During a presentation this morning, Nuveen’s chief equity strategist Bob Doll offered his longer-term forecasts alongside his predictions for 2014. Here are his five long-term themes:
- Economic power and financial wealth continue to shift from developed to emerging world (although cyclical issues have interrupted this)
- Emerging market consumers set the pace for global growth with an assist from the United States
- Reflationary efforts continue to overpower deflationary forces
- United States enjoys modest, but acceptable growth; European volatility continues; China continues soft landing, with imbalances
- Investors experience modest long-term returns
That last bullet is concerning for pension fund managers and anyone else investing for retirement with set financial goals and a target date in mind. Doll thinks 6% to 8% average annual returns in the U.S. stock market over the next decade are likely considering the massive run-up we’ve seen in recent years.
More and more, experts are telling us that the days of 10%+ average annual returns in the stock market are behind us. Or at least they’re a long way’s off.
“[S]tocks are currently at levels that we estimate will provide roughly zero nominal total returns over the next 7-10 years, with historically adequate long-term returns thereafter,” said John Hussman of Hussman Funds.
And Hussman isn’t even the most bearish.
“Fair value for the S&P 500 is about 1100 and the expected return is -1.3% per year for the next seven years after inflation,” said GMO’s Ben Inker in November. “For those interested in the broader U.S. stock market, our forecast for the Wilshire 5000 is a bit worse, at -2.0%, due to the fact that small cap valuations are even more elevated than those for large caps.”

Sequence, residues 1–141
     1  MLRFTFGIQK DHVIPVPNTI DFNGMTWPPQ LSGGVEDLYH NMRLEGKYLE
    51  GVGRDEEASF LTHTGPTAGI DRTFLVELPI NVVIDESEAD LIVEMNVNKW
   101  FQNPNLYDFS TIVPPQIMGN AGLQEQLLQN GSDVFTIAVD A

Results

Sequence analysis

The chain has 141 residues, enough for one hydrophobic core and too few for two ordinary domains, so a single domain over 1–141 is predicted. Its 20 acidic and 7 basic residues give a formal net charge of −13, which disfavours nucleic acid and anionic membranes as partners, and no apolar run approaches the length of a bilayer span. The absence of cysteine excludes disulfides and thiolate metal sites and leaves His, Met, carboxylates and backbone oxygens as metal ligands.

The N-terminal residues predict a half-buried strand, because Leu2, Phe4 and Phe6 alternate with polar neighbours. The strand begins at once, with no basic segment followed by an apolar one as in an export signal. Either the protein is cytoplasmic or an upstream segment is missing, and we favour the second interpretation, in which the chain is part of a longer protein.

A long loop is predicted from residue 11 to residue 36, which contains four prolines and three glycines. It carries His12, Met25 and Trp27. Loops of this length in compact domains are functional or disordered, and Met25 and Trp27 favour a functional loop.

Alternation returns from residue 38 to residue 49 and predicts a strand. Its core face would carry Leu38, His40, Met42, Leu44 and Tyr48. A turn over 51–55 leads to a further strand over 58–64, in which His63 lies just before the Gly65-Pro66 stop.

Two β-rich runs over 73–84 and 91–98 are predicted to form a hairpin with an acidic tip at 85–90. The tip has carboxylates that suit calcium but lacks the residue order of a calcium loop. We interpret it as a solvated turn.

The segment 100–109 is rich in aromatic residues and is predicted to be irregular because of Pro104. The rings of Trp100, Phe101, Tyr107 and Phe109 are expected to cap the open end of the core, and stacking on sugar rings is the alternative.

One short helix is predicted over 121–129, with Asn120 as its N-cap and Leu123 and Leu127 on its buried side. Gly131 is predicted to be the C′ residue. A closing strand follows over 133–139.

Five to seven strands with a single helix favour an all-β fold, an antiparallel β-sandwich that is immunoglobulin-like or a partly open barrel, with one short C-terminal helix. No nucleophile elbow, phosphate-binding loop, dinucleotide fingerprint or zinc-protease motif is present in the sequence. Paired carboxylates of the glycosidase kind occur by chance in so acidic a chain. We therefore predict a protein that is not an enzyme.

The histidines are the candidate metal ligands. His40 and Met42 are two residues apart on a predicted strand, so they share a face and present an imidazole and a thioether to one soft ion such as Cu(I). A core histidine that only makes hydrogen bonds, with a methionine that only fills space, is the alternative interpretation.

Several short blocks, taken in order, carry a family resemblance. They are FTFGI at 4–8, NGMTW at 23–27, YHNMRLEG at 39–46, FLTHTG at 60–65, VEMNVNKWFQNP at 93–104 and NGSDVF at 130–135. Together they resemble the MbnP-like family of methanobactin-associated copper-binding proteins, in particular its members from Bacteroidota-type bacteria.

Many point to Robert Shiller’s legendary cyclically-adjusted price-earnings (CAPE) ratio to support their argument for sub-par returns. CAPE is calculated by taking the S&P 500 and dividing it by the average of 10 years worth of earnings. If the ratio is above the long-term average of around 16x, the stock market is considered expensive. Currently, CAPE is way above it’s long-term mean at 25.4x.
But keep in mind that Doll, Hussman, and Inker are not saying that they expect each upcoming year to deliver the same low returns. They’re all talking about average returns.
“[T]oday’s valuations for the U.S. stock market are a temporary issue that will be resolved either through a relatively quick bear market or a longer period of more or less flat returns — as the last 13 years, for all of their periodic excitement, have turned out to be,” said Inker.
God forbid we see the stock market crash. But in the frame work of these long-term forecasts, a crash would offer the attractive entry point that would lead to much better average annual returns.
“Crashes create opportunity and kings will be made during the next one,” said Reformed Broker Josh Brown.
For your reference, here are Doll’s long-term market forecasts.